A thirty-day exercise in pausing, reflecting, appreciating, and giving thanks for simple things.
Humility is a challenging concept to understand. I know that being awestruck is part of humility—to be humbled by nature. So I was thinking about times in my life when I was so completely surprised and blown away by something that I might have been humbled by it. The birth of each of my children did that for me. I was awestruck by the miracle of birth. I once won a prestigious award and was shocked that I was chosen. But those two events didn’t make me humbled; instead they lifted my up, they empowered me. I was filled with pride in those moments, and pride is actually an antonym of humility. So just what exactly does it mean to be humbled by something?
Some definitions teach that true humility occurs when you are broken, crushed, humiliated. Think of defining moments in your life, but at the lowest moments of your life. If you are humbled, then you are lower in dignity or importance. Religious texts tell us that we as sinners shall kneel before Christ, that we will be humbled.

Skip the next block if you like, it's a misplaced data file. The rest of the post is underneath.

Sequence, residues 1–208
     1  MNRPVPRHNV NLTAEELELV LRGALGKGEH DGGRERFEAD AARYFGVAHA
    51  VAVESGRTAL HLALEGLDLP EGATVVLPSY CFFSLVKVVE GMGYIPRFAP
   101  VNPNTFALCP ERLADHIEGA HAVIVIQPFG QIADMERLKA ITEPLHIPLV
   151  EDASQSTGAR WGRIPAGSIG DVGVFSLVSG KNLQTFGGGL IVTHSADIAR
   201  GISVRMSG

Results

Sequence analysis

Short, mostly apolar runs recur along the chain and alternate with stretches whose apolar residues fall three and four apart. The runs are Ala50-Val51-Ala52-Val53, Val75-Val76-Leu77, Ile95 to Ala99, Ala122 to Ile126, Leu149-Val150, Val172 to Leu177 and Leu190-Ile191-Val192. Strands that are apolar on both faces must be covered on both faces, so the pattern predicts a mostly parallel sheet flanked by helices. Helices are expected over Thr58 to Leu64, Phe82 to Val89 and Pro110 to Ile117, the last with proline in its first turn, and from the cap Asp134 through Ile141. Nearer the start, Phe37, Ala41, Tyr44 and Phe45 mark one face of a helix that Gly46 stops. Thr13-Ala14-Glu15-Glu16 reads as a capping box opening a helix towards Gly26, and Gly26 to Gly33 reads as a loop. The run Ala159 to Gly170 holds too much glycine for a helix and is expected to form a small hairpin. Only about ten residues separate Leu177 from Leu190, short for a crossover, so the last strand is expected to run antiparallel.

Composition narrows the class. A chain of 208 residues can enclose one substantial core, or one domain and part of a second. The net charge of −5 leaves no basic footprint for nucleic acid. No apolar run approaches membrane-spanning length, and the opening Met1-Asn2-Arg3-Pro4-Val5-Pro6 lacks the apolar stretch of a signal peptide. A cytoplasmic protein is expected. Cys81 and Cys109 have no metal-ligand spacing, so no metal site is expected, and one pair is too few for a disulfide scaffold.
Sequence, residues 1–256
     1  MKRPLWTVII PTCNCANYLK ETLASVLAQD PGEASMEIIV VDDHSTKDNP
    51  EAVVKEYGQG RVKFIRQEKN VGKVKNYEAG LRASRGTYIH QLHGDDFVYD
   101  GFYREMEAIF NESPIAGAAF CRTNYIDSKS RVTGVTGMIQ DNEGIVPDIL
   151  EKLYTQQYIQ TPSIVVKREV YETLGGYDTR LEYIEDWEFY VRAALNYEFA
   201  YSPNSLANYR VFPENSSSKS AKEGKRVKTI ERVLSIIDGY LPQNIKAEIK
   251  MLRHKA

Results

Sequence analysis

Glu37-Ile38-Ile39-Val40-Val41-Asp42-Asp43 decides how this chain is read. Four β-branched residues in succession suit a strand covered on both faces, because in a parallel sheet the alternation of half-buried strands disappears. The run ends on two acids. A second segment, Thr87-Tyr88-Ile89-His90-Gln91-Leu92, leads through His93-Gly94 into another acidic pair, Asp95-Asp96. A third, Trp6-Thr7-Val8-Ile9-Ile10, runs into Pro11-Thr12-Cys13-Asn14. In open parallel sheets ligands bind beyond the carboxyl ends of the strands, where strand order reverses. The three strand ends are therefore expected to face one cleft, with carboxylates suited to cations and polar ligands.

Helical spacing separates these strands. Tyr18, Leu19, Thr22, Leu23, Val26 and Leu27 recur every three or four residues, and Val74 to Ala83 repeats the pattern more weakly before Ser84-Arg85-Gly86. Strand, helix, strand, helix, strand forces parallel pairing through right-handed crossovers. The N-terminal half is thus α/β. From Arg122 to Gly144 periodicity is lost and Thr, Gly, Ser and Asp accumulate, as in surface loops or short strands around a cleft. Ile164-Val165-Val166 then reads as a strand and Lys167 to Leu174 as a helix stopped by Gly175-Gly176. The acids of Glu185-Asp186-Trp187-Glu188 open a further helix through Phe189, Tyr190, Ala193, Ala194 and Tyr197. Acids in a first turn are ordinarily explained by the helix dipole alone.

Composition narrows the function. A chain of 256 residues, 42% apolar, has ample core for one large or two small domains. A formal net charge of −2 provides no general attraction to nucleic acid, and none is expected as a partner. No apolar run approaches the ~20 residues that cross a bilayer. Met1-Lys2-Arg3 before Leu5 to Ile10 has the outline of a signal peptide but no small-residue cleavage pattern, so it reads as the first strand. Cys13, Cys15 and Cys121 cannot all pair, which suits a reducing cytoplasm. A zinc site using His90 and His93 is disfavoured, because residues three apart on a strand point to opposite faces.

To be humbled doesn’t mean one is weak or less than another. It means we are without pride or arrogance. The Bible shows us humility in a strong person who loves others, not someone who is weak or timid. A humble person can diffuse an argument without expressing anger. A humble person can react to unfairness without being vengeful. When a humble person is criticized, he learns from the moment instead of becoming defensive.
To be humble means you don’t have unrealistic expectations. Now that’s a concept I can wrap my mind around. In some areas of my life, I am very much a realist and I don’t have too high expectations. In other areas of my life, my dreams are so large that I cannot come close to being a realist.
I need to mull over this concept of humility before I am willing to commit to three gifts. But one thing is for certain, I have some work to do on this virtue.